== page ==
Lifting weights in the gym is extremely healthy for you, said Kenneth Wheeler, a former elite bodybuilder known as Flex. But if you want to be a bodybuilder and compete at the highest level, it has nothing to do with health. A relatively rare form of kidney disease forced Wheeler to retire in 2003 at age 37, and he needed a kidney transplant later that year. […]
Wheeler said he was convinced steroid use did not cause his kidney disease, although it might have made it worse.
Iron Man Magazine’s Jerry Brainun told Thomas that he found the results “alarming” and called for additional research.
Jerry Brainum writes a column for Iron Man Magazine called Bodybuilding Pharmacology and said he welcomes more research on the subject. I found it very alarming, quite frankly, Brainum said.
The NY Times article referenced a July 2005 editorial published in FLEX Magazine. Former FLEX Editor-in-Chief Peter McGough warned that competitive bodybuilding had reached a dangerous crossroads and required decisive action by the IFBB leadership to save the sport (“,” July 2005).
Just going from memory, the list of bodybuilders who have died prematurely since 1992, in addition to Durr and Youngblood, includes Momo Benaziza, Andreas Munzer, Curtis Leffler, Hans Hopstaken, Sonny Schmidt and Derrick Whitsett. Bodybuilders whose competitive careers were cut short by illness include Dennis Newman, Mike Francois, Don Long, Flex Wheeler, Tom Prince and Mike Matarazzo. The list of athletes that we know have experienced harum-scarum hospital visits with conditions in which their lives have been in danger includes Mike Matarazzo, Edgar Fletcher, Paul Dillett (twice), Milos Sarcev, Nasser El Sonbaty, Bob Cicherillo and Mustafa Mohammad (twice).
Our sport has reached a dangerous crossroad, where it seems that too many athletes (pro and amateur) have become walking time bombs, with the prospect of a future lived in poor health (or worse) being the only trophy they can look forward to. Consider the following lifestyle: use liberal amounts of steroids, growth hormone and insulin; kick in an array of exotic substances for God knows what; add huge quantities of food every two hours that severely overtax the human digestive system; throw in a heavy dose of painkillers (some narcotic in nature); adopt an MO that requires dropping 40 or 50 pounds twice a year in a 12-week period; peak on contest day by means of diuretics so as to be bone dry and severely dehydrated. We don’t have to fund a Harvard research project to figure out that such a regimen is a recipe for physical disaster.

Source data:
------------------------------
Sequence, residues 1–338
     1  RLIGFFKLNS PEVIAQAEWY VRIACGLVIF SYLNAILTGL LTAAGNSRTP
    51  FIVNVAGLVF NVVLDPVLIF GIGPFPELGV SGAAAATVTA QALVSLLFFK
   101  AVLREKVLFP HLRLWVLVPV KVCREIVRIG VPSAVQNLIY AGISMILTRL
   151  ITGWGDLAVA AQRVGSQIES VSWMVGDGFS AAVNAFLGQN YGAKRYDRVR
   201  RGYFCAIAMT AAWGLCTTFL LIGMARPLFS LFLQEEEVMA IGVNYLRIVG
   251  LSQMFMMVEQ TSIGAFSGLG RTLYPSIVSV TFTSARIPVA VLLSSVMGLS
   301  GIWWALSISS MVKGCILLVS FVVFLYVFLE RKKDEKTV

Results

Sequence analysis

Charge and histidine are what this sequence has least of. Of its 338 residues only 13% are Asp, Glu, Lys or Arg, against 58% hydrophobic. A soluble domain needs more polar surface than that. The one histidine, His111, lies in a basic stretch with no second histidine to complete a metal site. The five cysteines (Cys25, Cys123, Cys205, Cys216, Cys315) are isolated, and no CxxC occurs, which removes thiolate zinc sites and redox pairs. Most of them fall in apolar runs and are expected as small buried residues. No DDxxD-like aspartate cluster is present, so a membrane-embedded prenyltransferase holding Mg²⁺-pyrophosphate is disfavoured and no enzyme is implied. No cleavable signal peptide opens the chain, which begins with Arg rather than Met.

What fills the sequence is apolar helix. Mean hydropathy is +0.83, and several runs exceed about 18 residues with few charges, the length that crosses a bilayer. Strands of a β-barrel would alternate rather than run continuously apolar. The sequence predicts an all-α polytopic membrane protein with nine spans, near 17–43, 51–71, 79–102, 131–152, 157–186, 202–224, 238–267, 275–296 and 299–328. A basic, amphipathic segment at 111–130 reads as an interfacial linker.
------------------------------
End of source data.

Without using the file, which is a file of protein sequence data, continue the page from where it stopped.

To save certain athletes from themselves and to save the sport, an overhaul of how physiques are to be judged has already been implemented and a discussion on drug-testing controls has already begun (more on that in the months to come). Rest assured, the combined powers that be are committed to returning competitive bodybuilding to the position where it is a celebration of life, not a shortening of it.
Bob Cicherillo did his best to defend the current state of the IFBB. He told the New York Times about the little known IFBB Pro drug testing policy; Cicherillo also stated that bodybuilders are unfairly singled out when athletes in other sports also use steroids.
The International Federation of Body Building and Fitness reserves the right to test for steroids and human growth hormone at the professional level, and testing is done on a random basis, said Bob Cicherillo, athlete representative for the federation, which is the main governing body for bodybuilding.
But several bodybuilders said the testing was nearly nonexistent, and Cicherillo said he could not provide specific figures on competitors who tested positive. […]
Bodybuilders said that they were unfairly singled out as drug abusers when athletes in most other sports were also using performance-enhancing drugs. Like anything else, it’s use and abuse, Cicherillo said. We’re the ones who are visual. We’re the ones who walk around, and you see us with the big muscles.
Law enforcement had started targeting steroid use by competitive bodybuilders in large scale arrests and indictments in Oklahoma, Texas (Operation Juicy Phruit), and most recently (Operation Roid Runner). Unfortunately, it was only a matter of time before mainstream media started to focus on competitive bodybuilding and steroids.